Everyone hates their boss… or do they?
This isn’t Apple. This isn’t Facebook. This isn’t Google. This isn’t Disney. Think about the vast majority of the jobs that everyone has. It’s not glamorous work. It’s hard work. Long hours. Tough clients. Most businesses open early to prepare for the day’s business and close long after the last customer has left. Most businesses are a part of local community. Now, as nice of a boss as as most of us have, they are still the person at the top. Loved? Respected? Appreciated? Hopefully. But still, employees are always wanting better hours, more staff in place, better accommodations, more money and the like. We all have a seen a myriad of ridiculous stories about employees that would make all of us shake our collective heads. We probably have similar stories about bosses, and how they can often come off like Scrooge. This isn’t (usually) the staff against the boss. It is – for the most part – how most people work. They go to work and they hate their job/boss. It’s like some weird kind of badge of honor. Not because their boss is a bad individual, but simply because they are the boss. Not everyone lives being resentful, but it’s common – for many, many people – to feel like they know better than the boss, or that the boss is out of touch with reality.
How to go to work.
I never left any work feeling like that – for any of my bosses (even the ones that let me go). Even when I held sucky minimum wage jobs. And, I had many of those. I packaged make-up in a warehouse. I served frozen yogurt. I worked the cash at a newsstand. I delivered newspapers. And there are plenty more. I worked for my share of miserable bosses who were transparent about their lack of respect for their employees. Not fun. Still, I never got mad at the boss. It was my fault. I took the blame. Why? This may be a first world problem, but I chose to work for this individual. I went into each and every position doing my own due diligence. After accepting the position, I did so knowing – full well – what the salary, expectations and hours would be. On top of that, I was also able to recognize (from a very early age), that the beginning is always the honeymoon period, and that things could very well deteriorate quickly over time. Would I be ok with that? Before accepting the job, I had to accept that the "rules" will always change. Was having the job better than not having any job? Was having the job worth dealing with people who could very well get under my skin?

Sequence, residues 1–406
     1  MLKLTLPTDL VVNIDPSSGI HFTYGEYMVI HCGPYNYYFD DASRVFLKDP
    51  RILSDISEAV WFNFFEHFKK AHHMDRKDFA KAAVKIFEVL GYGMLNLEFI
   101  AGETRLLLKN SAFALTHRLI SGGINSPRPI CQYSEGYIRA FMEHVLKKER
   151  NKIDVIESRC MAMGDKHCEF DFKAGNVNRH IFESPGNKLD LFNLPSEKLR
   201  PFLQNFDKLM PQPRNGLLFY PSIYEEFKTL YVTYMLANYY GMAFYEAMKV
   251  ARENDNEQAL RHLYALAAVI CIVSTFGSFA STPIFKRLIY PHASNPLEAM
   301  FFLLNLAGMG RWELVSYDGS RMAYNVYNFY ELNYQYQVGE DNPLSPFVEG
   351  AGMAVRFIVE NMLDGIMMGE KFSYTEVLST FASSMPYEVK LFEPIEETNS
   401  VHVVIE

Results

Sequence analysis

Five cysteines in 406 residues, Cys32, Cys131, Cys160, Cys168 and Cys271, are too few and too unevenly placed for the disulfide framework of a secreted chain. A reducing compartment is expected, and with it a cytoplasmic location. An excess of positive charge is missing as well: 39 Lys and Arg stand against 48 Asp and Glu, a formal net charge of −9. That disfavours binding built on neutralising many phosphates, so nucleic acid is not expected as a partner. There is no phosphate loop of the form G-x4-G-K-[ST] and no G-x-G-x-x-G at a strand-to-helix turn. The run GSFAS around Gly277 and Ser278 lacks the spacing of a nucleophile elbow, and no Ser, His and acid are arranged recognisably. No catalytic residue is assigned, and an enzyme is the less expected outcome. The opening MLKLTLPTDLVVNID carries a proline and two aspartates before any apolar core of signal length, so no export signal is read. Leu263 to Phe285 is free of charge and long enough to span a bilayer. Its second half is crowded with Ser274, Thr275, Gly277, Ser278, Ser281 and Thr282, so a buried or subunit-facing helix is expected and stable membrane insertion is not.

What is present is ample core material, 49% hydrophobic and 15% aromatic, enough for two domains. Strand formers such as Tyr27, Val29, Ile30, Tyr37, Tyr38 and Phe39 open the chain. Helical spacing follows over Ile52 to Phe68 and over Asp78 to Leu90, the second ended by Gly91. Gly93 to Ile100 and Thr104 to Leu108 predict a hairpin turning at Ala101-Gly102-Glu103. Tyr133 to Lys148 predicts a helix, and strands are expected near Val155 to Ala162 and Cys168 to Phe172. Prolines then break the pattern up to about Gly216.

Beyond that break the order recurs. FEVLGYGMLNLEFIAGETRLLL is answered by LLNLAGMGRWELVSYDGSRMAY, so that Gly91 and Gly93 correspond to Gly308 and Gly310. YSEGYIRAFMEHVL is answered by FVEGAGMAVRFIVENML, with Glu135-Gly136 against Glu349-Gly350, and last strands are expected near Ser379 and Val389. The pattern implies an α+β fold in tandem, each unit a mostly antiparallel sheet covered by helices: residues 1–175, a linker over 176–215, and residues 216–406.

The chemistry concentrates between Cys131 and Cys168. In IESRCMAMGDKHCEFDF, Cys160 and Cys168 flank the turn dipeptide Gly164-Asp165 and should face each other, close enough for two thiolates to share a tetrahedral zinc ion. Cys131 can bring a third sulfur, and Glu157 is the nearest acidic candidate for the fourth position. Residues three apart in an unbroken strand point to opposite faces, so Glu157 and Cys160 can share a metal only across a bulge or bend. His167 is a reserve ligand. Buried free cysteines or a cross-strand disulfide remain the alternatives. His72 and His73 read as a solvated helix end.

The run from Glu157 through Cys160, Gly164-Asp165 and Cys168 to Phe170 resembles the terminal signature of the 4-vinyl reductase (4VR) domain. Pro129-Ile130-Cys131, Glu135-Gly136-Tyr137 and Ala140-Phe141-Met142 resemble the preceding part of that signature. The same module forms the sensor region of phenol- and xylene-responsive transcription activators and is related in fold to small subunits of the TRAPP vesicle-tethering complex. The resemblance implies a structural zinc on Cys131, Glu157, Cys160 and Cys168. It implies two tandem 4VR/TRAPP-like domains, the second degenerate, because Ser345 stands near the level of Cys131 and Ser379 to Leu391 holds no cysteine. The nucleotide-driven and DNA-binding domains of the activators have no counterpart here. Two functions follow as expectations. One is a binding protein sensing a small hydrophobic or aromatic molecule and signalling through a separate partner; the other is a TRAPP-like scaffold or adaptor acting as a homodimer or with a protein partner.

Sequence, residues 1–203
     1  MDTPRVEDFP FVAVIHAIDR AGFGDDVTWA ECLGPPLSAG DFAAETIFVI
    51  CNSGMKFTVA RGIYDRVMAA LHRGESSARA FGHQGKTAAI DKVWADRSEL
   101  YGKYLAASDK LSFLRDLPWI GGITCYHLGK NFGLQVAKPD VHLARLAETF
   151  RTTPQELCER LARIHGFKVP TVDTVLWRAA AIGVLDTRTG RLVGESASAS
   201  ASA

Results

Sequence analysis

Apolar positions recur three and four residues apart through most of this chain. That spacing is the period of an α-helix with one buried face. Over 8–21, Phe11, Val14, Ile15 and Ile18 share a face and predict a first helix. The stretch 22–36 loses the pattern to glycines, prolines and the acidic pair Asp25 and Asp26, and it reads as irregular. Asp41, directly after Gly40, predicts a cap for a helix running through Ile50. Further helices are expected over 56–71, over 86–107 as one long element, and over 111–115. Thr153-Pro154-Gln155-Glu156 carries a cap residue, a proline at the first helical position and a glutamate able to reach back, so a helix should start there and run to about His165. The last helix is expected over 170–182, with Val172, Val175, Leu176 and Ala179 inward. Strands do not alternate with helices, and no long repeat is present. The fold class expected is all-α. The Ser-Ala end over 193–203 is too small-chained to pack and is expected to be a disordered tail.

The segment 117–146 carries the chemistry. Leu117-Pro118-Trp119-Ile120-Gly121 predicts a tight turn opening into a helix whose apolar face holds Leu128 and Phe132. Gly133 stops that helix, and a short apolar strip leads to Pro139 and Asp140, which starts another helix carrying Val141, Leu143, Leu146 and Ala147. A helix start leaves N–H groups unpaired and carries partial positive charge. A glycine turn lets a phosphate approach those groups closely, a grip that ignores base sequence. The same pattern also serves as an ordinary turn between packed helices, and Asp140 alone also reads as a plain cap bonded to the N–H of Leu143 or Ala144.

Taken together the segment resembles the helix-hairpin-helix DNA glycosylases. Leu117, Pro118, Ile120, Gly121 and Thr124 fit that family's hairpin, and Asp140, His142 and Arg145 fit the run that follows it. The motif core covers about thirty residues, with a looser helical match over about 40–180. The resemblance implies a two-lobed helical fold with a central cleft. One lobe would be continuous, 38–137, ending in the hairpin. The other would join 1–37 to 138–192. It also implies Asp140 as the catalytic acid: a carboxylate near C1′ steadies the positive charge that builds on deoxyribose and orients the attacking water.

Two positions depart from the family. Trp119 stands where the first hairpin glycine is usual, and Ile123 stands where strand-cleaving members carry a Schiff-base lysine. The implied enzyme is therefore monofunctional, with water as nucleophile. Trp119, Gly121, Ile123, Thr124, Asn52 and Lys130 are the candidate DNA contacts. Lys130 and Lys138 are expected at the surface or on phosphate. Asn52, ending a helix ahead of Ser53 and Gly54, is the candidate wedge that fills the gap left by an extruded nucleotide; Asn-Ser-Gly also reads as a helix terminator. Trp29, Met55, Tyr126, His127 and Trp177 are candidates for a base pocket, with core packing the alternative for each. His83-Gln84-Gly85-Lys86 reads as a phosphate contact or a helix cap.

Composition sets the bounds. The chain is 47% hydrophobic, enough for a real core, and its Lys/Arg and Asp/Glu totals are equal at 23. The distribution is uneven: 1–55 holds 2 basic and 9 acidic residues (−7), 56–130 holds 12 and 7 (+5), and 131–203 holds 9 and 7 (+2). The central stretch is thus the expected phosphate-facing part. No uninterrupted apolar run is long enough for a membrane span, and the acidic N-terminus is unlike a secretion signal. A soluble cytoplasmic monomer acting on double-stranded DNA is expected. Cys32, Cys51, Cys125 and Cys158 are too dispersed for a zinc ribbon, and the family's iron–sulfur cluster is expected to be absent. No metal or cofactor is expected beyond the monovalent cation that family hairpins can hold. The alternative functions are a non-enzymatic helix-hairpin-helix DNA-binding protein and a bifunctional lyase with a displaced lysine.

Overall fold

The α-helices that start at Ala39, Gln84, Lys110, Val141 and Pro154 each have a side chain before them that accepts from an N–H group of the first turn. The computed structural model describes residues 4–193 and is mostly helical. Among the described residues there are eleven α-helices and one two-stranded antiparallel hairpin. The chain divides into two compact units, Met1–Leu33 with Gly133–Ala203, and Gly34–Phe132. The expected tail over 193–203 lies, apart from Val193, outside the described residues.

It’s not always that easy.
People need to make rent. They need to pay their bills. They need to take care of their family. Sometimes, we can’t make the best of decisions, because we’re not in the best of positions. This also happens more often than most of us would like. Still, even if you’re trapped in a job that isn’t helping you to achieve your dreams, don’t blame your boss. They’re in their own situation… you’re in your own situation. What are you going to do about your own future?
Being a great boss.
I’ve had many great bosses. But, it’s what most people don’t see. These people – the good ones – are always watching the budget. Did every employee truly understand the thin margins that the business was operating under and how the slightest of change could force the business to lay people off? Who knows? It’s still shocking – and somewhat disheartening – to see how the vast majority of our population just falls into these traditional ideologies of "stick it to the boss." It’s fair to say that there are bad bosses… and bad employees. It’s fair to say that there are great bosses and great employees. Does everyone always love the boss? Who knows? It just seems easy… and sometimes cheap… to take it out on the boss. Beyond the old chestnut that there are three sides to every story, I’m often very self-reflective on why I chose to be in specific work situations, instead of how I was perceiving someone else (with more power than me). Being a great boss is not easy. Being a great employee can be ever harder.
Whether you’re a boss or an employee, it’s always important to both walk a mile in someone else’s shoes and not always lay the blame with others.